I try to eat only lunch—I found out that the breakfast and dinners have about 1,000 calories each.
Children now get less of their calories from sugary beverages.
Once confirmed, a liquid diet can be delivered and up to 2,000 calories a day provided—more than enough to keep a person alive.
1866, from French calorie, from Latin calor (genitive caloris) "heat," from PIE *kle-os-, suffixed form of root *kele- (1) "warm" (cf. Latin calidus "warm," calere "be hot;" Sanskrit carad- "harvest," literally "hot time;" Lithuanian silti "become warm," silus "August;" Old Norse hlær, Old English hleow "warm").
In scientific use, largely replaced 1950 by the joule. As a unit of energy, defined as "heat required to raise 1 gram of water 1 degree Celsius" (the small or gram calorie), but also as "heat required to raise 1 kilogram of water 1 degree Celsius" (the large calorie or kilocalorie).
kilocalorie kil·o·cal·o·rie (kĭl'ə-kāl'ə-rē)
Abbr. kcal See calorie.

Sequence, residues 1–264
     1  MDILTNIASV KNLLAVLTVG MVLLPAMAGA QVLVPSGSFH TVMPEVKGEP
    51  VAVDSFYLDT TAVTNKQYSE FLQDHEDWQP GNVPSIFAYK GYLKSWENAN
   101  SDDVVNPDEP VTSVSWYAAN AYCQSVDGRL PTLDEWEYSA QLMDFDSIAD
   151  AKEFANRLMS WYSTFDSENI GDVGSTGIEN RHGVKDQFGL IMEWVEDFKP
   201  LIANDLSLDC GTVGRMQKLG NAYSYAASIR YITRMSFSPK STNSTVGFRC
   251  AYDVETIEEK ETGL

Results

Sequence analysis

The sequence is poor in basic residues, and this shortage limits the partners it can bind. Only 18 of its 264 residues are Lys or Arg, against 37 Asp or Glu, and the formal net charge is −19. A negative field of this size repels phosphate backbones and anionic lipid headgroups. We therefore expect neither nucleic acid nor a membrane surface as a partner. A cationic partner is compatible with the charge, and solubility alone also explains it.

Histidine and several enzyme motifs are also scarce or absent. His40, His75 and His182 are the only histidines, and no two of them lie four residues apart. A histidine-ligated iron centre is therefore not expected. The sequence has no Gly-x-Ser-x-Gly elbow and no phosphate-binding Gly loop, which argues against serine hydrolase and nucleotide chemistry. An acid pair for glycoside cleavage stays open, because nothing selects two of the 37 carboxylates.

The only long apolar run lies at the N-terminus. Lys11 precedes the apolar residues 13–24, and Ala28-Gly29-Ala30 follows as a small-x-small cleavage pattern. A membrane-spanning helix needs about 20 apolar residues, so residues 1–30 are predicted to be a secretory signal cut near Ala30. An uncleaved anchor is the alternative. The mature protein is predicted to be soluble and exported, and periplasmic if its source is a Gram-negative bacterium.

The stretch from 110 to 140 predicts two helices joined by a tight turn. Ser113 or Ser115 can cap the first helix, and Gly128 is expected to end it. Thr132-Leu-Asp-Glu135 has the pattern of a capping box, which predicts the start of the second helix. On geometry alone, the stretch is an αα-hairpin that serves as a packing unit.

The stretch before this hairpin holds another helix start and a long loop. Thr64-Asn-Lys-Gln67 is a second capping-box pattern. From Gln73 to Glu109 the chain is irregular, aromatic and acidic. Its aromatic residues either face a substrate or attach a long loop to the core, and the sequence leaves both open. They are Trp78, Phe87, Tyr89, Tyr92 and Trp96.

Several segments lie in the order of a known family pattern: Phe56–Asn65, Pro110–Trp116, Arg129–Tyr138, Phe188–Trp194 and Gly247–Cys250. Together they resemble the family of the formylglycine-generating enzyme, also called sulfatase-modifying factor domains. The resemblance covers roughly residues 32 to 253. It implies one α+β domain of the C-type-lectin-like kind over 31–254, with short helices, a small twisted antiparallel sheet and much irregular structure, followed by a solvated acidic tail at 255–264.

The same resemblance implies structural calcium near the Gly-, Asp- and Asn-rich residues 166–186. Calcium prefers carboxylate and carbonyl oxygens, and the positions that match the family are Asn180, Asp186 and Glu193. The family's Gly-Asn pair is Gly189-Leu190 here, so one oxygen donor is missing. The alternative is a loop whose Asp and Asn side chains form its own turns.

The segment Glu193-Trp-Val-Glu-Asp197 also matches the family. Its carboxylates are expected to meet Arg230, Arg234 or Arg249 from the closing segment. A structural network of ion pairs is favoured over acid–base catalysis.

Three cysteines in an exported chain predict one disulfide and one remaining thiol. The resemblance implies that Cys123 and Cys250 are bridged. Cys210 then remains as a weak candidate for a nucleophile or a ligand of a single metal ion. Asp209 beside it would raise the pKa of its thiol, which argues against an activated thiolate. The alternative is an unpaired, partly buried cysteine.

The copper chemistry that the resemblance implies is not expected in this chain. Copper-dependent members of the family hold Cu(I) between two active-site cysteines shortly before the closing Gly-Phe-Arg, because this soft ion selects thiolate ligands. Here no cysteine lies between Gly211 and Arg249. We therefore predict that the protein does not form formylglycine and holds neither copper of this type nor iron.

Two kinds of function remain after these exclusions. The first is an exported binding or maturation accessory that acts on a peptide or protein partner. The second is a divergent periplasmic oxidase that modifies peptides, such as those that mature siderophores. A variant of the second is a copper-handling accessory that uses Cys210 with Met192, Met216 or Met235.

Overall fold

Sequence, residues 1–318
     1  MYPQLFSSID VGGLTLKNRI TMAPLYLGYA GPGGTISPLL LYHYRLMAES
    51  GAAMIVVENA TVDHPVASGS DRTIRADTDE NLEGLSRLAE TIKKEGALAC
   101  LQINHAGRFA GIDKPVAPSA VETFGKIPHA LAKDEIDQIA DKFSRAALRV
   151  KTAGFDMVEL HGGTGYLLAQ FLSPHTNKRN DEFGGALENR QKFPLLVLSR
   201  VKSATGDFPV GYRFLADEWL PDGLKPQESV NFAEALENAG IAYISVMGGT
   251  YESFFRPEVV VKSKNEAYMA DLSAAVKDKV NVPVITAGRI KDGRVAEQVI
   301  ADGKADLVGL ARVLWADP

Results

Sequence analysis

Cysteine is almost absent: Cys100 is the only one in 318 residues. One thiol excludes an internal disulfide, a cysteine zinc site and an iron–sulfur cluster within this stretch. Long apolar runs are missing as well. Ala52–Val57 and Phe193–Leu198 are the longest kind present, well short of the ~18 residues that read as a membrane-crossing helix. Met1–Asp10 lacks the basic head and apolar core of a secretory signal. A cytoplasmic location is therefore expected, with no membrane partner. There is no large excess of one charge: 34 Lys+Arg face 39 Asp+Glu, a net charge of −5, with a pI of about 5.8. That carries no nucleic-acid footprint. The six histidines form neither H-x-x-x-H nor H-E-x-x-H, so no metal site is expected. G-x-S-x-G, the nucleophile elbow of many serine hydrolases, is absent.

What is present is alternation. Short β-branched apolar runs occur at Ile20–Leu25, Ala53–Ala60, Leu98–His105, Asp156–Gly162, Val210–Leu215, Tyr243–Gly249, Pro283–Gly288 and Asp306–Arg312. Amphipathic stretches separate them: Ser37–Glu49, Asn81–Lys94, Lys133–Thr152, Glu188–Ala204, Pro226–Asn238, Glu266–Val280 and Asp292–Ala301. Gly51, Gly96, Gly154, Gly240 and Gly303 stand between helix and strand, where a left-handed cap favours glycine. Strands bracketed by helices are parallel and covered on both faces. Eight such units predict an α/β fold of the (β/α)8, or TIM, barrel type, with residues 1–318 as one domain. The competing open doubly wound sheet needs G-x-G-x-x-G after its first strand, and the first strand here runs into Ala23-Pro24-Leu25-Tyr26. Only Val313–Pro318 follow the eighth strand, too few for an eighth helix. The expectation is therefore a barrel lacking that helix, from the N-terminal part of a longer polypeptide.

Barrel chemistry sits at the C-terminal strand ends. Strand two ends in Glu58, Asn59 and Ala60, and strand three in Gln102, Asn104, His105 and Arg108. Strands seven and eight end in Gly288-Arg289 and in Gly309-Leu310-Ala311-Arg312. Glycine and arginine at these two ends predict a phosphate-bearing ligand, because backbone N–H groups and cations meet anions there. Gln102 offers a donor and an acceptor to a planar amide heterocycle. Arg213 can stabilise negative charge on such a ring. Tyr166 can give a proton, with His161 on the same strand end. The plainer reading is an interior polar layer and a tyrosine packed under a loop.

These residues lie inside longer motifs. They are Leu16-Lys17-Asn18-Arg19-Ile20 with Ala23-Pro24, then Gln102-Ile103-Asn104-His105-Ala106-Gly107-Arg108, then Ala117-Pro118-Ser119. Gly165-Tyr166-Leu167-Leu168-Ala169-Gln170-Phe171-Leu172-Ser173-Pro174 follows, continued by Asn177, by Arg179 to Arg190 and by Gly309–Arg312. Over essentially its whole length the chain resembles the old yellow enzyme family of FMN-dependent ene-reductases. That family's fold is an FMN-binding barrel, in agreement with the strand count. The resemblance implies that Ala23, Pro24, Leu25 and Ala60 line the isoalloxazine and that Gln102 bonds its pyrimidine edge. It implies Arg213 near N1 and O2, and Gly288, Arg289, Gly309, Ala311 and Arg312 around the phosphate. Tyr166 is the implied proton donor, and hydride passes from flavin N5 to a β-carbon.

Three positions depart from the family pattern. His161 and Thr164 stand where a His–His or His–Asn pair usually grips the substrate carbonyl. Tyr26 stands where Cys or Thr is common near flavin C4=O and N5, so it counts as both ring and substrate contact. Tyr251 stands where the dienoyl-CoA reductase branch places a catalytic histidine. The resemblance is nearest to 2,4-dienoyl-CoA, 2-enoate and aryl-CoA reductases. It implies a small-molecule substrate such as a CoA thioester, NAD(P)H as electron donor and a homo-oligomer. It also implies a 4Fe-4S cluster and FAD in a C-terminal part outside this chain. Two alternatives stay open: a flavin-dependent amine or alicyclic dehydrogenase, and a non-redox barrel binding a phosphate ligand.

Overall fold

calorie cal·o·rie (kāl'ə-rē)
A unit of energy-producing potential supplied by food and released upon oxidation by the body, equal to the amount of energy required to raise the temperature of 1 kilogram of water by 1°C at one atmosphere pressure. Also called nutritionist's calorie.
The unit of heat equal to the amount of heat required to raise the temperature of 1 kilogram of water by 1°C at 1 atmosphere pressure. Also called kilocalorie, kilogram calorie, large calorie.
Any of several approximately equal units of heat, each measured as the quantity of heat required to raise the temperature of 1 gram of water by 1°C from a standard initial temperature at 1 atmosphere pressure. Also called gram calorie, small calorie.
The unit of heat equal to 1/100 the quantity of heat required to raise the temperature of 1 gram of water from 0 to 100°C at 1 atmosphere pressure. Also called mean calorie.